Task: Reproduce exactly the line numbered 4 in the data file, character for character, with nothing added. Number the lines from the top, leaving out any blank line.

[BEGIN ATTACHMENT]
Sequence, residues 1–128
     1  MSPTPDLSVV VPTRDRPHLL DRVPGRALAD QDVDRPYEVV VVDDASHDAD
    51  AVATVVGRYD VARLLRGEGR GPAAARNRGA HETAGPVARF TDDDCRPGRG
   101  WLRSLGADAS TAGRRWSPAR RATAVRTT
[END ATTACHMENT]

   101  WLRSLGADAS TAGRRWSPAR RATAVRTT